Biomaterials Science is delighted to recognise our outstanding reviewers for their support and significant contributions to the journal. As part of the 10th Anniversary celebrations, we are highlighting some of our most loyal reviewers in a ‘Reviewer Spotlight’ series. We are grateful to all our reviewers and appreciate the dedication and support they give to the journal.
Jiao Jiao Li is a Biomaterials Science reviewer and has received outstanding reviewer awards for her contributions to the journal in 2019, 2020 and 2021. Find out more about Jiao Jiao below and read her interview for advice for reviewers and authors publishing in the journal.
Dr Jiao Jiao Li is a biomedical engineer and medical scientist. Her research in tissue engineering and regenerative medicine aims to develop new therapies for chronic diseases, particularly for damaged bones and joints using a combination of approaches including stem cells, biomaterials, nanotechnology, and more. She is a Lecturer and Research Group Leader at University of Technology Sydney, a National Health and Medical Research Council Early Career Fellow, and Co-Deputy Director on the Australian Research Council Training Centre for Innovative BioEngineering. She was selected by Science & Technology Australia as a 2021-22 Superstar of STEM – one of 60 Australian women to serve as national role models for the community. Jiao Jiao has been recognised for her contributions to research and social impact, including in 2022 the NSW Young Tall Poppy Scientist of the Year for her nationally significant contributions to research excellence and science communication, and being named as Australia’s Top 20 Under 40 Researchers. She was also the Australian winner of the international Falling Walls Lab competition in 2021. Jiao Jiao has a passion for disseminating science in the community, and for raising up the next generation of secondary and tertiary students for their future careers and leadership in STEM.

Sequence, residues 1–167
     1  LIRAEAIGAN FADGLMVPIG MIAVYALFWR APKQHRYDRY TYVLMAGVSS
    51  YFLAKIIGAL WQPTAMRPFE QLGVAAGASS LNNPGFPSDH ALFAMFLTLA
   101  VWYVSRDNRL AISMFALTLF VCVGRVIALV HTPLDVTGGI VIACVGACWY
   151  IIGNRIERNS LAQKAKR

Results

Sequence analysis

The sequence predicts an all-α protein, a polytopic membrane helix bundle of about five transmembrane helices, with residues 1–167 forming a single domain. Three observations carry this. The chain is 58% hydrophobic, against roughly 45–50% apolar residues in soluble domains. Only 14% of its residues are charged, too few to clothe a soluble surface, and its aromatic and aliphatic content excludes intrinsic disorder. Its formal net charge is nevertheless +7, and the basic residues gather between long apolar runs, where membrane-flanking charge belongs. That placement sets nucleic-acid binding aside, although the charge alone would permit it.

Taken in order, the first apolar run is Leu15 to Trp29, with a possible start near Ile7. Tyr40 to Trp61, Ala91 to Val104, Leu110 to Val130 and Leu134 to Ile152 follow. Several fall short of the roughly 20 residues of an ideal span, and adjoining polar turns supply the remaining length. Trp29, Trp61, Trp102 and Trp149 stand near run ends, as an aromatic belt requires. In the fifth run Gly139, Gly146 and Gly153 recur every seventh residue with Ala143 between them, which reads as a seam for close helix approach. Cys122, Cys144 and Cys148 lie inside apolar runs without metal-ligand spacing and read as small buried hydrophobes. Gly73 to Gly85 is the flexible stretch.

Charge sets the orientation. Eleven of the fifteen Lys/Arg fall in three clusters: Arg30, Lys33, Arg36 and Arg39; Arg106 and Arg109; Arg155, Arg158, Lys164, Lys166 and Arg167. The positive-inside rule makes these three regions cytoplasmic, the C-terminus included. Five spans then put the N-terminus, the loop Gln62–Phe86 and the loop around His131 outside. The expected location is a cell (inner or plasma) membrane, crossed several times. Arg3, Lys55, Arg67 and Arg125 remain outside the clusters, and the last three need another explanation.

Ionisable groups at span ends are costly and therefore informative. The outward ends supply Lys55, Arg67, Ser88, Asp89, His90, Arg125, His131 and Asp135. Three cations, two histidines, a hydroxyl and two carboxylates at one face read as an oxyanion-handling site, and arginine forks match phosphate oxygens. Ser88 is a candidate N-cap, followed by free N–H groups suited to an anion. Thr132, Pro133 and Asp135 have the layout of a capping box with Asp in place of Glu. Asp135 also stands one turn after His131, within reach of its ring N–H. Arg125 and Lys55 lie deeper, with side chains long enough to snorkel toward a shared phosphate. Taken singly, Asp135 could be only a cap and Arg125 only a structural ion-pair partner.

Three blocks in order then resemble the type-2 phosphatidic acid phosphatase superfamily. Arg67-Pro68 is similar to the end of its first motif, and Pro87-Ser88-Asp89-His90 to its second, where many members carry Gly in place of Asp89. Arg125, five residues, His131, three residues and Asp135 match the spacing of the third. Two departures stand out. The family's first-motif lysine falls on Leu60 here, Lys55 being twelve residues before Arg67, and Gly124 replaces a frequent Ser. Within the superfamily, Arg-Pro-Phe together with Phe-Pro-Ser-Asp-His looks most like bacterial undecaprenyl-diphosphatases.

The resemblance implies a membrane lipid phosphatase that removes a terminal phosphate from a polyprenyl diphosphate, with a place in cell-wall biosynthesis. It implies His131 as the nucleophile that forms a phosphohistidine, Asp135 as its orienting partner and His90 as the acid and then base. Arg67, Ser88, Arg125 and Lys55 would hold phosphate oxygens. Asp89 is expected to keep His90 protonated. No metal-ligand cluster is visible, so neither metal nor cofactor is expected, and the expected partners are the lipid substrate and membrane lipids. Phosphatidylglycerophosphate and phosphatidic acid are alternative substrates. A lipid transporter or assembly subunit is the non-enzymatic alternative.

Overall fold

1. What do you like most about being a reviewer for Biomaterials Science?